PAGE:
What does it take to change?

Rabbi Ephraim Pelcovits
5776
Rabbi Ephraim Pelcovits
Rabbi Ephraim Pelcovits

Director, LA / Southern California Region
New Israel Fund

Rabbi Ephraim Pelcovits was previously the Assistant Dean of the Ziegler School of Rabbinic Studies.  His commentaries were written during his tenure.  Rabbi Pelcovits is currently the Director, LA / Southern California Region of the New Israel Fund.

posted on December 14, 2015
Torah Reading
Haftarah Reading

Parashat Vayigash , our Torah portion for this week, opens with a still disguised Joseph playing yet another trick on his bewildered brothers who have shown up in Egypt looking to purchase food many years after having sold him off as a slave to a caravan of Egypt bound merchants. While Joseph, now viceroy of the mighty Egyptian Empire, immediately recognized his long lost brothers, they fail – time and again – to recognize this tyrant who insists on torturing them with his absurd requests.

For Joseph, these audiences with his brothers are more than just an opportunity to lord it over his former oppressors, they are a fulfilment of the dreams he had dreamt long ago, the vision that began this saga, when he was surrounded by images of his family bowing before him. Suddenly however, Joseph’s hard mask of imperial power cracks. He hears his brother Judah’s lengthy plea that opens our portion, and we read: "V’lo Yahol Yosef L’Hitapek," "And Joseph could not restrain himself (any longer)."

Why now? What has so radically shifted to make this angry, broken-hearted, former family darling, weep and cry and offer to welcome his siblings, and one time oppressors, into his new home?

According to Rabbi Shmuel Bornsztain, better known by the name of his magnum opus, the Shem MiShmuel, as soon as Joseph witnessed his brother Judah offering to go to jail on Benjamin’s behalf, he realized that his brothers had repented, and that they were no longer the same people who sold him off to Egypt many years before. At that moment, he knew that they had done teshuvah, and immediately, the light of forgiveness clicked on for Joseph too. He was ready to embrace them.

Reading this commentary of the Shem MiShmuel reminded me of the one of the most powerful experiences of my own rabbinical school journey – training as a military chaplain with the US Navy. What made that experience so special was the intimate time and rich conversations that were constantly available with religious people from the broadest swath of our culture. In fact, my two closest friends from that time became a Lutheran pastor to be, and an almost Catholic priest. Going out to dinner with them felt like the beginning of a crummy joke, "So a priest, a minister and a rabbi walk into a bar…" One of the many lessons I learned from my Christian colleagues was the way they spoke about their path to the ministry as "a calling." "When did you receive your call to the rabbinate?" I was regularly asked.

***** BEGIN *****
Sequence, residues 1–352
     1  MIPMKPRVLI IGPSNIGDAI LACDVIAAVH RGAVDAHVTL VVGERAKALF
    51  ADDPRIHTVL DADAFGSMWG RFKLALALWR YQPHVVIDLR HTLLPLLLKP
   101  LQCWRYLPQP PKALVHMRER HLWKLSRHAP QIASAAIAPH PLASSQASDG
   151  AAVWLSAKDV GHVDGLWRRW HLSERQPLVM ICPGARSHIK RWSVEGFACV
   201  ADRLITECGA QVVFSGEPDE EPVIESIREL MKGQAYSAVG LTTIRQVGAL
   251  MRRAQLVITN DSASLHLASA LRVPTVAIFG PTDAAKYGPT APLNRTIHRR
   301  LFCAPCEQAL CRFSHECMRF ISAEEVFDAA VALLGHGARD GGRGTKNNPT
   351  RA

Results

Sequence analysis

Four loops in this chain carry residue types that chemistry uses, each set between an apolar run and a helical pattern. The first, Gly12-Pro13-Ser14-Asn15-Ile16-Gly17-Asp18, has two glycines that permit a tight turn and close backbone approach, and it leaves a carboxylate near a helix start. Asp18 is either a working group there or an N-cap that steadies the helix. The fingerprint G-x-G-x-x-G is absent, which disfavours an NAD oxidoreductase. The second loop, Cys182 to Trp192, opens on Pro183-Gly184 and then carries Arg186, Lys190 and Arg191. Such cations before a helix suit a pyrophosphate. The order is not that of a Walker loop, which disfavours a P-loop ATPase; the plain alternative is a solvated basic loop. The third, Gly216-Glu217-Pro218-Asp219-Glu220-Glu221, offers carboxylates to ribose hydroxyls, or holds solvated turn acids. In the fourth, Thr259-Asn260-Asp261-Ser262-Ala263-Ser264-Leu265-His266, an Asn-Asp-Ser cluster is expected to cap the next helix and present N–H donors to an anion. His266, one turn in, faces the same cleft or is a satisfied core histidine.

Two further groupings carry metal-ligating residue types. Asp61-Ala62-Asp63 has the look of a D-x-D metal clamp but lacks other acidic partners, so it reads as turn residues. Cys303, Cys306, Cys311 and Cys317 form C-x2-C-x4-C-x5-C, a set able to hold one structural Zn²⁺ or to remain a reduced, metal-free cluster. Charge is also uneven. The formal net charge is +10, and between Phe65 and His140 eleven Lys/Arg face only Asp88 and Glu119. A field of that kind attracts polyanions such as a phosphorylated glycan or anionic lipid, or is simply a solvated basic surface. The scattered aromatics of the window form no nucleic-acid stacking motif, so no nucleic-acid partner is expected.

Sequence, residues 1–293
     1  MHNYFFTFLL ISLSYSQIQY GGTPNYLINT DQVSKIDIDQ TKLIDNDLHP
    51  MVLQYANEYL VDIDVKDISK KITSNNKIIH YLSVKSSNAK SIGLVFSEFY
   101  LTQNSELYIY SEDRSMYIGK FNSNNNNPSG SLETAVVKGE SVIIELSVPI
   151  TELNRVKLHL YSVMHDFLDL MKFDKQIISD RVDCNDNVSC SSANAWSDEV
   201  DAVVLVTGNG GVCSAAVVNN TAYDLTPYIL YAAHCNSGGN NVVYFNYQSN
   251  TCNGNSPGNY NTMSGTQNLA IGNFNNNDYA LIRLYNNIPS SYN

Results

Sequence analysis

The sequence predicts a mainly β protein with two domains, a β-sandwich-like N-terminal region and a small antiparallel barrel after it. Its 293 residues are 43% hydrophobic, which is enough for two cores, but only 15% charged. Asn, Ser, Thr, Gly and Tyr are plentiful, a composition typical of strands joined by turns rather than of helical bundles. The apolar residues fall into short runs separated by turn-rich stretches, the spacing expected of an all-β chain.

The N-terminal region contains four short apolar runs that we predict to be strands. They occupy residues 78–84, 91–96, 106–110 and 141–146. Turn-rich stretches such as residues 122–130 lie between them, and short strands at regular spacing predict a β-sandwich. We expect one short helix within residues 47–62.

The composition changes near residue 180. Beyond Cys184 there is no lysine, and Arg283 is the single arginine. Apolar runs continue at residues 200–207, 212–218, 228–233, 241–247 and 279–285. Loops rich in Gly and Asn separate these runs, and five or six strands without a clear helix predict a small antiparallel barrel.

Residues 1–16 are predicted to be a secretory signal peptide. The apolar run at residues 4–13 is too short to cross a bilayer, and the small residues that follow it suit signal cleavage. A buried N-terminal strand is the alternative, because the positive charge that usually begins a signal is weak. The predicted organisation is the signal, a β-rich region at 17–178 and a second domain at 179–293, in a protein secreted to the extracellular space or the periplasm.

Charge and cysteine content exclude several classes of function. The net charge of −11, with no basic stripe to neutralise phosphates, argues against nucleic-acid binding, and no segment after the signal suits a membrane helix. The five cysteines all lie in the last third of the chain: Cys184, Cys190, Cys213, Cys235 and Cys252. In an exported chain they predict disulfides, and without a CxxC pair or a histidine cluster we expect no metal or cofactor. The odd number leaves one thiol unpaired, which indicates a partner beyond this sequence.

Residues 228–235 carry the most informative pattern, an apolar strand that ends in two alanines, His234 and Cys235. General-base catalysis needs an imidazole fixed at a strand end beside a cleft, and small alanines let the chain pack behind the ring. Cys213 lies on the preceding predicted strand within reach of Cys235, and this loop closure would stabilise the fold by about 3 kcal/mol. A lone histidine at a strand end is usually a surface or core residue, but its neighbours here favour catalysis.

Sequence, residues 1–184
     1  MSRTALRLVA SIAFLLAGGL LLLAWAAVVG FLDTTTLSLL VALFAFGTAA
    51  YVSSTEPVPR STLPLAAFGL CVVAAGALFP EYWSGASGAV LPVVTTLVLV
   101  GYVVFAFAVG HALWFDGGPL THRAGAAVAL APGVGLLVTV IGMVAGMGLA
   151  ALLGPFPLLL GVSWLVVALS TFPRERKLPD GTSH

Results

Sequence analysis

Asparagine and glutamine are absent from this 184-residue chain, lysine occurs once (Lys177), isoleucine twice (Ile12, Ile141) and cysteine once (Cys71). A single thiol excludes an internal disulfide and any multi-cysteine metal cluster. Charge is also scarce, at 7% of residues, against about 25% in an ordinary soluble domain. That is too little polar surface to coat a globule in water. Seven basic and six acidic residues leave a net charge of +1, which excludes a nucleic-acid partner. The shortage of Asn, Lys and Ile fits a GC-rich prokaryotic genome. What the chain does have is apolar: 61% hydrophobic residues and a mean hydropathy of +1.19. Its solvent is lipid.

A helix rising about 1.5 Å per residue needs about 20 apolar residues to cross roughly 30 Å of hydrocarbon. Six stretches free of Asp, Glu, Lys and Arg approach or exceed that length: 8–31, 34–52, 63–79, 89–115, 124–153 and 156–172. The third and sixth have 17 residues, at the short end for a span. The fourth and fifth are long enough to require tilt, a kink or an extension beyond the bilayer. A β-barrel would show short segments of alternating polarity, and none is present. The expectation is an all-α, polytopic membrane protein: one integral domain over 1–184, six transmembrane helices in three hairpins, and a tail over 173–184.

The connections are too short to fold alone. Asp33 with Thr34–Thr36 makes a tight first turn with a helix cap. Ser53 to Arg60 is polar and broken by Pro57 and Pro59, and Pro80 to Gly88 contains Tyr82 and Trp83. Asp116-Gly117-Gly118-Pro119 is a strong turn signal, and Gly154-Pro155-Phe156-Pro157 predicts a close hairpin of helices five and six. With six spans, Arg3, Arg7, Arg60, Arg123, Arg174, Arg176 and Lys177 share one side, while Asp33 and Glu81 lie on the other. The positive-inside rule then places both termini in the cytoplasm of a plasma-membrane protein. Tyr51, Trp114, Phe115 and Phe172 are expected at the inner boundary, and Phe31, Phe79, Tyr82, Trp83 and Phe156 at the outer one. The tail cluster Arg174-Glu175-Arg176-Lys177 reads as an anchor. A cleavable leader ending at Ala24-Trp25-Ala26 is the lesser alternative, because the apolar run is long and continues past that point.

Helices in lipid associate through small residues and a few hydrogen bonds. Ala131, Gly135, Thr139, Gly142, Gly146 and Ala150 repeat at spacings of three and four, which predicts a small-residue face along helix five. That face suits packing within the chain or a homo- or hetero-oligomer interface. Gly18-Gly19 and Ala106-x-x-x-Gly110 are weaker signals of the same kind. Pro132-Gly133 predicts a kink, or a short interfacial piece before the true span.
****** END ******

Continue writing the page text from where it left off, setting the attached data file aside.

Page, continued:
The first time I heard the question it needed clarification, "What do you mean by ‘calling?" I asked one of my new friends. But as the time in the Navy wore on, the language began to make sense. I realized that major life changes are more than choices where we rationally weigh the pluses and minuses of a decision, and go with the path that makes the most sense. Our biggest decisions in life are influenced by something bigger, that thin still voice that helps guide us to committing to live our lives with the person we love, to becoming a parent, to moving to a new city, or…perhaps even becoming a rabbi! Sometimes that "calling" comes out of nowhere, pushing us to radically shift our lives in ways we could not have believed about ourselves just a few months or weeks before, much like Joseph forgiving and embracing his so recently despised brothers, "V’lo Yahol Yosef L’Hitapek." At other times, that calling comes after long years of deliberation, just barely nudging us to take one path rather than another. Hearing that voice is never easy, and so, in honor of this Shabbat of history shifting callings, I give you, dear reader, my blessing that you will find that beautiful and quiet call, and heed its appeal to love, to friendship, to community and to forgiveness.

May your life be enriched by a calling all your own!

Shabbat shalom.